Global Security Newswire
Daily News on Nuclear, Biological & Chemical Weapons, Terrorism and Related Issues
Planned U.S. Bunker-Buster Sale Targets Iran
A pending U.S. arms deal would supply the United Arab Emirates with as many as 4,900 bunker-buster bombs suited for possible airstrikes against underground Iranian nuclear facilities, the Wall Street Journal reported on Friday (see GSN, Nov. 10).
The proposed sale -- slated for submission within days to U.S. lawmakers for approval -- is part of a wider effort by President Obama to contain Iran as international disagreement persists over potential new measures to target the Middle Eastern state, according to the Journal. The United States and its Western allies suspect Iran's nuclear program is geared toward weapon development; Tehran insists its atomic ambitions are strictly peaceful.
The proposed deal is not expected to face significant challenge in Congress, said insiders with knowledge of talks with legislators, but it was uncertain how well the bombs could penetrate hardened Iranian facilities during a potential strike. The United Arab Emirates already possesses a quantity of the "joint direct attack munitions" that numbers in the hundreds.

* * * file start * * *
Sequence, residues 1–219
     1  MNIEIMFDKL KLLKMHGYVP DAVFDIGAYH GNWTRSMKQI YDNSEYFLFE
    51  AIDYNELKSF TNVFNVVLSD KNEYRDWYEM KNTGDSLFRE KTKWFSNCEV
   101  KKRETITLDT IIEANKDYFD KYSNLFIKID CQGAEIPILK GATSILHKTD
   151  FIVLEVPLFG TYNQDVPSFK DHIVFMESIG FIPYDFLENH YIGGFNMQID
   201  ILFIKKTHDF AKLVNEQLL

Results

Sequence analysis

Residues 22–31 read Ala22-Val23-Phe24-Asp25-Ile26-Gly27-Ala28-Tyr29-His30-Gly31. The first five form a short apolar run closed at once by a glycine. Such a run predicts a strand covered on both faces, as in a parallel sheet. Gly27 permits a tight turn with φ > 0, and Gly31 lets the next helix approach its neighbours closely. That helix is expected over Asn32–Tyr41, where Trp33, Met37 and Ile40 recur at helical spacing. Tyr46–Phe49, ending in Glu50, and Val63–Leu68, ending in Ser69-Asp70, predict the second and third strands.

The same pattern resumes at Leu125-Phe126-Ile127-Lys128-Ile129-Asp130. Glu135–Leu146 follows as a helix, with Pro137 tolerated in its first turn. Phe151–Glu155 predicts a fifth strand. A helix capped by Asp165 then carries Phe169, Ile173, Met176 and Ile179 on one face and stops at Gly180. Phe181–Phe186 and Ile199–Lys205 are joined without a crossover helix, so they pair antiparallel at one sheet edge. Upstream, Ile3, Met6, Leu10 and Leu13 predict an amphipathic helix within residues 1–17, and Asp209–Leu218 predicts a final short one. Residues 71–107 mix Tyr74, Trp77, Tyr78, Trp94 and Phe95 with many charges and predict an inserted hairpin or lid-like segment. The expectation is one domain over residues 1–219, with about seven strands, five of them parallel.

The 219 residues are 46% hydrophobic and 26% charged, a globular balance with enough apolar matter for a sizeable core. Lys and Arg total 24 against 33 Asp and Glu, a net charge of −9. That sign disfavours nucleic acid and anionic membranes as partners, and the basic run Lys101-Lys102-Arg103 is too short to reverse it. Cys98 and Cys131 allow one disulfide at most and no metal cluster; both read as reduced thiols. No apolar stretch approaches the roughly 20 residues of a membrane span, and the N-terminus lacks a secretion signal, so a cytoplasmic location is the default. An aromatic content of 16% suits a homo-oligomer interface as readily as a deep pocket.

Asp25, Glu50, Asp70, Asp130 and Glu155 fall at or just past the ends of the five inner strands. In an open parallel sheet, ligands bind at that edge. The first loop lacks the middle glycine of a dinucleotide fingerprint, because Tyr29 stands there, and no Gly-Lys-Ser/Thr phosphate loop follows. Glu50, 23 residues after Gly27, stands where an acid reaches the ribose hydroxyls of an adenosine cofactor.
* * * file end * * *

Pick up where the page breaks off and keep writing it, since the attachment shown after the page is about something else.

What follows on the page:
U.S. Defense Secretary Leon Panetta on Thursday said Washington and its partners would not tolerate any Iranian acquisition of nuclear weapons, but he described armed action as a "last resort" with possible unexpected repercussions. An attack on the Persian Gulf state "could have a serious impact in the region and it could have a serious impact on U.S. forces in the region," he said (Wall Street Journal, Nov. 11).
An International Atomic Energy Agency safeguards report on Iran published this week makes "very clear that additional sanctions need to be applied," Panetta said (see GSN, Nov. 9). “It is important that the world come together to apply sanctions against Iran and make very clear to them that they are going to pay a heavy price if they continue along this track,” a Pentagon press release quotes him as saying.
“As to what happens down the road, I think our hope is that we don’t reach that point, and that Iran decides that it should join the international family,” he said (U.S. Defense Department release, Nov. 10).
U.S. Secretary of State Hillary Clinton pressed Beijing on Thursday to take new steps against Iran, Agence France-Presse reported.
Speaking with Chinese Foreign Minister Yang Jiechi, Clinton asserted "it was critical for China to communicate both publicly but also privately with Iran that they were on a course that was dangerous," a high-level U.S. official said. The top U.S. diplomat also encouraged China at the meeting to back international efforts to end North Korea's nuclear activities (see related GSN story, today; Agence France-Presse/Google News, Nov. 10).
Separately, U.S. Assistant Secretary of State Wendy Sherman and Russian Deputy Foreign Minister Sergei Ryabkov on Thursday “discussed in detail Iran’s nuclear problem," ITAR-Tass quoted the Russian Foreign Ministry as saying (ITAR-Tass I, Nov. 10).